Capital Commentary is the weekly current-affairs publication of CPJ, written to encourage the pursuit of public justice.
“Who Stole the Soul?” The Political Poetry of Public Enemy
March 1, 2013
By Aaron Belz
Three Kings (Warner Bros. Pictures, 1999) opens with American soldiers sniping an Iraqi, mid-surrender, but the establishing montage includes a medley of Rare Earth’s “I Just Want to Celebrate,” Lee Greenwood’s “God Bless the USA,” and Public Enemy’s “Can’t do Nuttin’ For Ya Man.” Soldiers jump around, dance and drink, their partying all but swallowing up the ruthlessness of the previous scene. The contrast is a brilliant flash of satire in a movie that ultimately loses momentum in its effort to reveal the Gulf War as folly. Plot takes over, becomes cumbersome, and poetic filmmaking is lost.
A reporter begins interviewing a soldier: “They say you exorcised the ghost of Vietnam with a clear, moral imperative.” He replies confidently, “We liberated Kuwait,” while his fellow soldiers cheer. They start singing Lee Greenwood’s schmaltzy ode to America, the popularity of which swells every time the U.S. involves itself in a military conflict. The interview scene dissolves into a tent party at some point later, and everyone continues to sing God Bless the USA, until the syncopated beats of Public Enemy’s “Can’t do Nothin’ for ya Man” swell and Flavor Flav’s voice emerges through the celebration:
was you that chose your doom
You built a maze you can’t get through
I tried to help you all I can
I can’t do nuttin’ for ya man
In the context of the Gulf War, lines like “Make ya love the wrong instead of right” and “Uzi down the bullets in a gun” take on new meaning. It’s a moral song, one of many angry, justice-hungry tirades on Public Enemy’s Fear of a Black Planet (Def Jam, 1990).
For anyone who assumes that poetry’s relationship to politics, or its ability to speak to justice issues, is rarified, philosophical or deeply historical, Fear of a Black Planet stands as a corrective. It sold more than a million copies in its first week alone and has since been universally recognized as one of the most important albums, not only within its genre but in all of 20th century popular music. In 2005 the Library of Congress cataloged it and 49 other recordings under the National Recording Preservation Act.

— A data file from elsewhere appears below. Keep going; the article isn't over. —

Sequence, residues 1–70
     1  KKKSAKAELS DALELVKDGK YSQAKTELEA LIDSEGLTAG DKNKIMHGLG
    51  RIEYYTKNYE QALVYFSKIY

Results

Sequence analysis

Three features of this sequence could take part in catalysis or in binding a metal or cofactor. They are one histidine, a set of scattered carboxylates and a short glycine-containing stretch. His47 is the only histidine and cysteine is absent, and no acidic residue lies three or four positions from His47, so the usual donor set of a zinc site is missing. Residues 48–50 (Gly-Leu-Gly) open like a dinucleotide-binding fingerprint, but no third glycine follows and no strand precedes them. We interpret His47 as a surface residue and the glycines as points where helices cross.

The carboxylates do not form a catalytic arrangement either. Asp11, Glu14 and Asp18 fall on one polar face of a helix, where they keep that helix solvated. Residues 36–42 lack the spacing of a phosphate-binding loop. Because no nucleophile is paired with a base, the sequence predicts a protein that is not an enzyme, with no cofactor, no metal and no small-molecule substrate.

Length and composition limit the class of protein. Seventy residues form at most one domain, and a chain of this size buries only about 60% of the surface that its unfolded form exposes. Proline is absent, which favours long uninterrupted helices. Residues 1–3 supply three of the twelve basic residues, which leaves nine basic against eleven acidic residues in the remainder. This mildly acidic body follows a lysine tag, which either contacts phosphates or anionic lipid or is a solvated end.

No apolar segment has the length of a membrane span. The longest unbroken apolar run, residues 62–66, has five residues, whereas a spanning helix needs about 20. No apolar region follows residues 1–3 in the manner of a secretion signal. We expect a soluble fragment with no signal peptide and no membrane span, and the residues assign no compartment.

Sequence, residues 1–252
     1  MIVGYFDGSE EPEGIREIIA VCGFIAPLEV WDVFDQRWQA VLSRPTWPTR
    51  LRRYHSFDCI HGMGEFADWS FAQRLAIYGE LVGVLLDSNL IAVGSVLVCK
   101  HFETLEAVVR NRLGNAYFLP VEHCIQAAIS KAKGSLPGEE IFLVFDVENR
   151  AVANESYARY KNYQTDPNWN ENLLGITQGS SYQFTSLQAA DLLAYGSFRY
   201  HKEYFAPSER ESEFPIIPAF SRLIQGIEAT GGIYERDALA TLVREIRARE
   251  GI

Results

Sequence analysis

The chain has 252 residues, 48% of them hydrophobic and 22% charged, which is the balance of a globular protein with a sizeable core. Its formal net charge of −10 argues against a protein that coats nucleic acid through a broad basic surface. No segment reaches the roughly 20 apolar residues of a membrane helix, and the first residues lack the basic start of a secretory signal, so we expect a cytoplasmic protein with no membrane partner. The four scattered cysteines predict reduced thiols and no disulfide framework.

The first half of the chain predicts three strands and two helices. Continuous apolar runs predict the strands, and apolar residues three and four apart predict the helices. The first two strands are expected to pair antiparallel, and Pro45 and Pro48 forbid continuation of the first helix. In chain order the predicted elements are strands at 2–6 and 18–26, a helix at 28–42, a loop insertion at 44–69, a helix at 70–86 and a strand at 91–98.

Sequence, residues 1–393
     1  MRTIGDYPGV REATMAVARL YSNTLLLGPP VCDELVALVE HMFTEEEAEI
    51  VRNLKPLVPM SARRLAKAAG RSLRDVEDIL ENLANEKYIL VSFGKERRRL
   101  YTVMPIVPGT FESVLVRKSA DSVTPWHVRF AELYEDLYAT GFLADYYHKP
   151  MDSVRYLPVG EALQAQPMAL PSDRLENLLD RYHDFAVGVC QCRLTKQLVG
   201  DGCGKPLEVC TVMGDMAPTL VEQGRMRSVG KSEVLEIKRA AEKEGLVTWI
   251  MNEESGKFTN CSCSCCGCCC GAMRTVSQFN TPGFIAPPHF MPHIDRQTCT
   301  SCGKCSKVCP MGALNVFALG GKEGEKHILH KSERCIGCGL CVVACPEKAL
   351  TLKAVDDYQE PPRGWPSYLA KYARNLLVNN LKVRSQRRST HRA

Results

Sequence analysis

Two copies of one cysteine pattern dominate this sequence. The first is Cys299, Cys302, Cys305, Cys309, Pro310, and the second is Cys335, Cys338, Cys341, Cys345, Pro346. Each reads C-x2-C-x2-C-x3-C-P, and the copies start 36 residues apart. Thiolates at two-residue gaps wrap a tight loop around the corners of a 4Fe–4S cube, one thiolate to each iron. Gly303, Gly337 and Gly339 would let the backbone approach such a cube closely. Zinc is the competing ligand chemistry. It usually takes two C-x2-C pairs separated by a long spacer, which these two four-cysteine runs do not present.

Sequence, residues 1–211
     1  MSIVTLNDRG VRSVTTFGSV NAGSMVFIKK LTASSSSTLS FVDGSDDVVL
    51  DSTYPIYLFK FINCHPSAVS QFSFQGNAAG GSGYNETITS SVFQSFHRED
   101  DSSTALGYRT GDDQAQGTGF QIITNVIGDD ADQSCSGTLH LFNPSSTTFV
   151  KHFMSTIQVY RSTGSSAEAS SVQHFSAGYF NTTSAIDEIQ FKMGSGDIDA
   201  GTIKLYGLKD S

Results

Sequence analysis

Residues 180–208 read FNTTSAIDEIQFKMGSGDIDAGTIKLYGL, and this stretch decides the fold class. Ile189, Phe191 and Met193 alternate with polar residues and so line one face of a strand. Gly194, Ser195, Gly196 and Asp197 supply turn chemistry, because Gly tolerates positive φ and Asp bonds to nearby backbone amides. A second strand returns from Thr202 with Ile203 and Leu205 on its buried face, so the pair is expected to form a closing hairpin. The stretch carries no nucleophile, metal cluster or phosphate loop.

Three Kings shows Public Enemy’s broad applicability, but Fear of a Black Planet’s strongest suit is its cry against entrenched socioeconomic and racial injustice. It’s hard to say what its finest moments are. Every song is rich. “911 Is a Joke” exposes preferential treatment given by emergency services to middle- and upper-class neighborhoods. “Every day they don’t never come correct / You can ask my man right here with a broken neck,” sings Flav, and advises, “Call a cab, ‘cause a cab will come quicker.” “Who Stole the Soul?” laments white flight: “Yo, they say the Black don’t know how to act / ‘Cause we’re waitin’ for the big payback […] When the Black moves in, Jack moves out”—and digs to a historical root: “Forty acres and a mule, Jack— / Where is it? Why’d you try to fool the Black?” Another great track, “Burn Hollywood Burn,” memorializes “those that starred / In the movies portraying the roles / Of butlers and maids” and suggests “Black women in this profession? / As for playing a lawyer, out of the question.”
What’s so great about this poetry is that it did, in fact, through its verbal precision and immense popularity, help correct cultural assumptions that hadn’t been considered since the Civil Rights Movement. Public Enemy updated the terms of the Civil Rights argument and made it danceable. “I don’t know, I’m just the rhymesayer,” sings Chuck D in the album’s title track. It’s a posture of humility that, combined with attack after searing attack on injustice, and appended by Flavor Flav’s trademark laugh, makes Fear of a Black Planet an almost Dante-esque masterpiece of political poetics.
—Aaron Belz lives in Hillsborough, North Carolina. His most recent collection of poems is titled Lovely, Raspberry (Persea, 2010).
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Capital Commentary is a weekly current-affairs publication of the Center for Public Justice. Published since 1996, it is written to encourage the pursuit of justice. Commentaries do not necessarily represent an official position of the Center for Public Justice but are intended to help advance discussion. Articles, with attribution, may be republished according to our publishing guidelines.”